Russia and the United States have both used thermobaric weapons in previous conflicts and have been in a decades-long race to refine the artillery, but Russia's alleged deployment of the so-called "vacuum bomb" on Ukrainian forces has prompted widespread backlash and fears that it will be used on civilians.
Oksana Markarova, Ukraine's ambassador to the United States, was the first to publicly accuse Russia of launching a thermobaric weapon on Ukrainian forces, killing 70 soldiers.
A senior U.S. Department of Defense official said the United States has yet to corroborate Markarova's accusations. Meanwhile, the United Kingdom Ministry of Defense claimed the Russian Ministry of Defense confirmed its forces' use of the weapon in Ukraine but did not provide details on when and where that occurred, or say how it verified the information.
"The Russian MoD has confirmed the use of the TOS-1A weapon system in Ukraine. The TOS-1A uses thermobaric rockets, creating incendiary and blast effects," the United Kingdom Ministry of Defense said in a tweet that was accompanied by a video explaining the weapon's devastating capabilities.
"We have seen the reports. If that were true, it would potentially be a war crime," White House press secretary Jen Psaki said during a Feb. 28 press briefing.
While no evidence has publicly surfaced that Russia has used thermobaric weapons on civilians in Ukraine, Russia has been accused by Ukrainian officials of using other weapons to attack civilians, including at a maternity hospital in the city of Mariupol in southeast Ukraine. Russian forces were also accused by Ukraine President Volodymyr Zelenskyy of bombing a dormitory building in the northern Ukraine city of Zhytomyr.
The Biden administration publicly warned Wednesday that as Russia continues to meet stiff resistance in Ukraine, the Kremlin might seek to up the ante and use chemical or biological weapons.
What is a thermobaric weapon?
Thermobaric weapons pack a devastating one-two punch, according to experts. First, a detonation unleashes a foreboding vaporized cloud of fuel that can penetrate small crevices and even underground bunkers before a second ignition charge creates a very hot mid-air blast that depletes the surrounding air of oxygen, thus the nickname "vacuum bomb."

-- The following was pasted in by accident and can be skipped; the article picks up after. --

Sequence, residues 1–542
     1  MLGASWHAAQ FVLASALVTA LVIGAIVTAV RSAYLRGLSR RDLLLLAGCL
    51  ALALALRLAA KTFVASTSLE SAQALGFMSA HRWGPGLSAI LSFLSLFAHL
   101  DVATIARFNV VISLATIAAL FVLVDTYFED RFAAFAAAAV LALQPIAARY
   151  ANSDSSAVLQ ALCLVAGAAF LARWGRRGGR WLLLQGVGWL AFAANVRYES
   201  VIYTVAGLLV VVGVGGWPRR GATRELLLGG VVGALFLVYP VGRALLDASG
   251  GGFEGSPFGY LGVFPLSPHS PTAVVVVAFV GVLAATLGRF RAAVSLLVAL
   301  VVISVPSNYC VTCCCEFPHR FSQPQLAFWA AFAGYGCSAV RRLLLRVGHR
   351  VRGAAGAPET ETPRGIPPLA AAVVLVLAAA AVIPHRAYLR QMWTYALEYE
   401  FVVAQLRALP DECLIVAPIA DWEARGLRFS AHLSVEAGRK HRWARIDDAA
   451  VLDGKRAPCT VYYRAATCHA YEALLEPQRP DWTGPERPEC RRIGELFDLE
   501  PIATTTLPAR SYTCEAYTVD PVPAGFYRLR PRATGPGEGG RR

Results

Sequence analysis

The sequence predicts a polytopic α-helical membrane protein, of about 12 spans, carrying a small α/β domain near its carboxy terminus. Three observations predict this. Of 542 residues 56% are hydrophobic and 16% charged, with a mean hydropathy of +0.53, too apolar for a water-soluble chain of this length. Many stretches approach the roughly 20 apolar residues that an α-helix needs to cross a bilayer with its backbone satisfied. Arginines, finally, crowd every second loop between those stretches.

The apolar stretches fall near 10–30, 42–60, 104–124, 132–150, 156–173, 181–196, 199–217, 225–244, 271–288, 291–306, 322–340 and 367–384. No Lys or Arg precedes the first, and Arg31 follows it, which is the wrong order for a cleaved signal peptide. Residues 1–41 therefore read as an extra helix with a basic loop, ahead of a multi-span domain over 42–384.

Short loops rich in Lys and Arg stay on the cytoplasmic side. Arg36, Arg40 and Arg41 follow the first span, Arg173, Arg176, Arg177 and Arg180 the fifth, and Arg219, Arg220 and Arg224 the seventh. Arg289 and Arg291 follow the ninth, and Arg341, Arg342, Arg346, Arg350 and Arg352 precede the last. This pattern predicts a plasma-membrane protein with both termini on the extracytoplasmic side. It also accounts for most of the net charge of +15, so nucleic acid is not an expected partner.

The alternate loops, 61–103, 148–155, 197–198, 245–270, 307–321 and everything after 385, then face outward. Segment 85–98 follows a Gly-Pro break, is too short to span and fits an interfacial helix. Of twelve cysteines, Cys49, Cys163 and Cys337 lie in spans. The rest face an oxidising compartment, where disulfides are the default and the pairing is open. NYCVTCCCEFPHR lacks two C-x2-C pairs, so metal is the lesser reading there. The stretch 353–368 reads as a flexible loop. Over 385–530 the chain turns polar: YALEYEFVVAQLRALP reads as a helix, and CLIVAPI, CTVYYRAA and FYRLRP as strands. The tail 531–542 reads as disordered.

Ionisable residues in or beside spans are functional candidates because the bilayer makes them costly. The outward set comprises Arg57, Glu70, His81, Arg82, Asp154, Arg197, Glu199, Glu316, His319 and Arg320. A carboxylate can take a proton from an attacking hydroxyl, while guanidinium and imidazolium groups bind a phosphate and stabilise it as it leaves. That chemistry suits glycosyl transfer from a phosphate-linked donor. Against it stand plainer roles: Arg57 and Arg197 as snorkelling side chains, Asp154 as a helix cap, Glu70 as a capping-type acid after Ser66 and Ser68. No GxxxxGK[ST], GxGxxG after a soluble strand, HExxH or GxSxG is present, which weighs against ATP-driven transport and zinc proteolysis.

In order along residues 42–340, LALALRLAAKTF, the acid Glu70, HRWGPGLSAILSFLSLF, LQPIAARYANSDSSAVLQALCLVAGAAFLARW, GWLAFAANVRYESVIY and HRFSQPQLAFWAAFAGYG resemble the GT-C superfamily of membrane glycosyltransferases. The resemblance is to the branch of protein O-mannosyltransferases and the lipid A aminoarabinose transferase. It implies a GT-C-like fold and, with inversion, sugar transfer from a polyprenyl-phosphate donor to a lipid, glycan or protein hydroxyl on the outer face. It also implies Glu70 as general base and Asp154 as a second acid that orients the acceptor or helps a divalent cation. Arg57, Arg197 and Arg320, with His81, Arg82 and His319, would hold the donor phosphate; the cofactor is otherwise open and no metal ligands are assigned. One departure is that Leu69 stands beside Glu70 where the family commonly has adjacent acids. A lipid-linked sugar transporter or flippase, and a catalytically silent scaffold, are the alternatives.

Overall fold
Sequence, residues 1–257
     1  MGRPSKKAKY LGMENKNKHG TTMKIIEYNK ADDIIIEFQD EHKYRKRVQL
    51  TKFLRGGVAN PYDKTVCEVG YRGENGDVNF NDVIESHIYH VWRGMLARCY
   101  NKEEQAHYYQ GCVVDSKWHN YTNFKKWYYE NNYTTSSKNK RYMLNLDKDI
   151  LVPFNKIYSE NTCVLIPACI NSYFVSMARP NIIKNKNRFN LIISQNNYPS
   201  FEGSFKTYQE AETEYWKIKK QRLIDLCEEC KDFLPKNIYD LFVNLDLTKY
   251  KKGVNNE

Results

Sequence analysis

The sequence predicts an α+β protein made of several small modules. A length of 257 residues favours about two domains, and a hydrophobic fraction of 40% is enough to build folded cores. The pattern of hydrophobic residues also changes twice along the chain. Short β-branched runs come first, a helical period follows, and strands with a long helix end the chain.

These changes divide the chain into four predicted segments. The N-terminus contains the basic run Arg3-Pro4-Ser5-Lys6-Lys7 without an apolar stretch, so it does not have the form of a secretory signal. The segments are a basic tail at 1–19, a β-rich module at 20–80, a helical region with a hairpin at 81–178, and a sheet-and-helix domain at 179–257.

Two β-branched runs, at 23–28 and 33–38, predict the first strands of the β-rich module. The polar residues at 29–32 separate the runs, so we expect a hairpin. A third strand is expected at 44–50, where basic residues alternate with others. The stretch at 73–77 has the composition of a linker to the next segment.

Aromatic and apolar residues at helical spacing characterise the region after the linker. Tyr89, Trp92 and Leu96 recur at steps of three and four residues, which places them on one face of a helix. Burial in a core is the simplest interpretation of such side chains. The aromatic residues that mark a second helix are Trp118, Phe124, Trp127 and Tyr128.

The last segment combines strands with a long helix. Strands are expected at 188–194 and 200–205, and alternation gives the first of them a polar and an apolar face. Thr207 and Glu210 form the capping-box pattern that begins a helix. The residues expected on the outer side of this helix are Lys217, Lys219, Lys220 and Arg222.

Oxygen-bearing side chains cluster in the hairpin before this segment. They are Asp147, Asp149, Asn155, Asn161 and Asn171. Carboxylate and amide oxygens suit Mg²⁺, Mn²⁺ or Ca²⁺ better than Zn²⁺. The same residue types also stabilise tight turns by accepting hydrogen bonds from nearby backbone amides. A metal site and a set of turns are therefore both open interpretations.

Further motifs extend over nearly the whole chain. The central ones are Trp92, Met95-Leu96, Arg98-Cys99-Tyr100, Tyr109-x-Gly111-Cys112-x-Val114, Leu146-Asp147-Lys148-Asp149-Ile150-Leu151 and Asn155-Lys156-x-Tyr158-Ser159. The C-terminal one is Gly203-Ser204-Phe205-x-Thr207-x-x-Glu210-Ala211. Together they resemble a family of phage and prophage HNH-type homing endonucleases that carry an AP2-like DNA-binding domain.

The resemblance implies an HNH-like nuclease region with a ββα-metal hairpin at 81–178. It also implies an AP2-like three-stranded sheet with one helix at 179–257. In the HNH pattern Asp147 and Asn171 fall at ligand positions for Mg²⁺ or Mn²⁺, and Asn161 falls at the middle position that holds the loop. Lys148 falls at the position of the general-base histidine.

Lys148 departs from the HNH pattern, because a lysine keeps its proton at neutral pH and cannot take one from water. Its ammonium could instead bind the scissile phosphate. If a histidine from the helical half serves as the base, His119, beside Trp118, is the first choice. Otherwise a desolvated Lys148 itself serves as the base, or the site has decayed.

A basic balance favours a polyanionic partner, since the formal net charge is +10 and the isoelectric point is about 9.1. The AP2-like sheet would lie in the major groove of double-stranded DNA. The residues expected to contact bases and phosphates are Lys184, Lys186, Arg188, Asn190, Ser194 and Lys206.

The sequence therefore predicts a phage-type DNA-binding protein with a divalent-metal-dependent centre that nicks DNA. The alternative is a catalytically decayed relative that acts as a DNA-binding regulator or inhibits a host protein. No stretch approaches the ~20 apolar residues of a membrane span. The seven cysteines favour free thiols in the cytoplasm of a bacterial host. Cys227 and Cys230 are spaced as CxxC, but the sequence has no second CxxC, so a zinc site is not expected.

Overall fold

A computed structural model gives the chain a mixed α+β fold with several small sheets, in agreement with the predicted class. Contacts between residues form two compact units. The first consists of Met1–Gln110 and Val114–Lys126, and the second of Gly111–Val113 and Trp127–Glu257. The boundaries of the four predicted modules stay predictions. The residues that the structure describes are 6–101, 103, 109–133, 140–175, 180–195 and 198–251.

Russia deployed the weapon in Chechnya in the 1990s and over the past decade in Syria. The United States used the weapon in Vietnam in the 1960s and most recently in Afghanistan in 2017.
"It's a particularly nasty weapon. It's a terrible way to die. It has a really broad effect and is probably most useful against hardened facilities," John Tierney, executive director at the Center for Arms Control & Non-Proliferation in Washington, D.C., told ABC News.
Tierney, a former Massachusetts congressman who served on the House Intelligence Committee, said that if Russia ever uses a thermobaric weapon in a Ukrainian city, "It's going to be hard to miss civilians with it," explaining the explosive vaporous fuel cloud settles on everything, including people.
Tierney said the purported use of the bomb by Russia could be a sign of how desperate Russian President Vladimir Putin is to break the will of the Ukrainian people.
"You can't say what's going on in his mind, but it would seem to indicate that he's getting a little desperate, that things aren't going the way he planned," Tierney said.
The United States and Russia have reportedly been in a race to perfect the thermobaric weapon, billed as a substitute to nuclear weapons.
Tierney said Russia's largest thermobaric weapon, tested in 2007, is believed to have packed the equivalent of 44 tons of TNT. By comparison, U.S. strategic nuclear weapons yield the equivalent of 50,000 tons to 1.2 megatons of TNT.
The destruction radius of a thermobaric explosion is estimated to be about 1,000-feet-wide but can have a blast area of up to 6,500 feet, according to a 2018 report from the U.S. Army War College.
In 2017, the Pentagon announced U.S. forces targeting an ISIS cave complex in eastern Afghanistan used a 22,000-pound thermobaric bomb nicknamed "the mother of all bombs." Formally known as the GBU-43, or massive ordnance air blast (MOAB) bomb, it was developed in 2003.
"Accurate casualty totals were impossible to calculate because any living thing close to the blast area was vaporized," a U.S. Army War College report said in describing the 2017 MOAB bomb drop in Afghanistan.